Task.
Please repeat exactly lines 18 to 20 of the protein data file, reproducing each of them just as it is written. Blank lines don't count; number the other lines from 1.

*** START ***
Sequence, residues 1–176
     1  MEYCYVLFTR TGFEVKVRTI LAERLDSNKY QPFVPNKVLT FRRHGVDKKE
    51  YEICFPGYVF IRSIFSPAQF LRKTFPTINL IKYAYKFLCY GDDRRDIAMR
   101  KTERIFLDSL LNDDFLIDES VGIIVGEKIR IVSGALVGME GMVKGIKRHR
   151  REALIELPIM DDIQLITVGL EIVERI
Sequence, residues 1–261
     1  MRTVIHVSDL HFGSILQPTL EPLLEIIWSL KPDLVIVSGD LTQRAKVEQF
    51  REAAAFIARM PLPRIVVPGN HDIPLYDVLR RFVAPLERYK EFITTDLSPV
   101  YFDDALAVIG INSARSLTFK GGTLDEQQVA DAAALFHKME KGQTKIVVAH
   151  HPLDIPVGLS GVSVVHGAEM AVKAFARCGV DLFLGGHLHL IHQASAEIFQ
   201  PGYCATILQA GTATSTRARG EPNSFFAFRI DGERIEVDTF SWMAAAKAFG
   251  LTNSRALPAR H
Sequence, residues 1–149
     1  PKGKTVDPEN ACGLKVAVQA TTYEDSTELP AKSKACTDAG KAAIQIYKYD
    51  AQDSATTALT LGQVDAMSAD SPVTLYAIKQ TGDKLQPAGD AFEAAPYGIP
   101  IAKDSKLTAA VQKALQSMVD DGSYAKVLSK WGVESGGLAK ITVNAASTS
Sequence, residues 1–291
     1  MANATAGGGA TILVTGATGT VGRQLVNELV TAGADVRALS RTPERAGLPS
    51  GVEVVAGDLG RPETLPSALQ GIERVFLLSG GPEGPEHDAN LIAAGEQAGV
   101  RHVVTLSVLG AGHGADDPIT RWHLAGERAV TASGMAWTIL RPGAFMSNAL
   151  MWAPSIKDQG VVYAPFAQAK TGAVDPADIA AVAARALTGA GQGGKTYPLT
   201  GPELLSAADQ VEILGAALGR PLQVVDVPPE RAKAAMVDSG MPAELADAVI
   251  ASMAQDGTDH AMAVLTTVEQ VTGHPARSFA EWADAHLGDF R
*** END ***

     1  MANATAGGGA TILVTGATGT VGRQLVNELV TAGADVRALS RTPERAGLPS
    51  GVEVVAGDLG RPETLPSALQ GIERVFLLSG GPEGPEHDAN LIAAGEQAGV
   101  RHVVTLSVLG AGHGADDPIT RWHLAGERAV TASGMAWTIL RPGAFMSNAL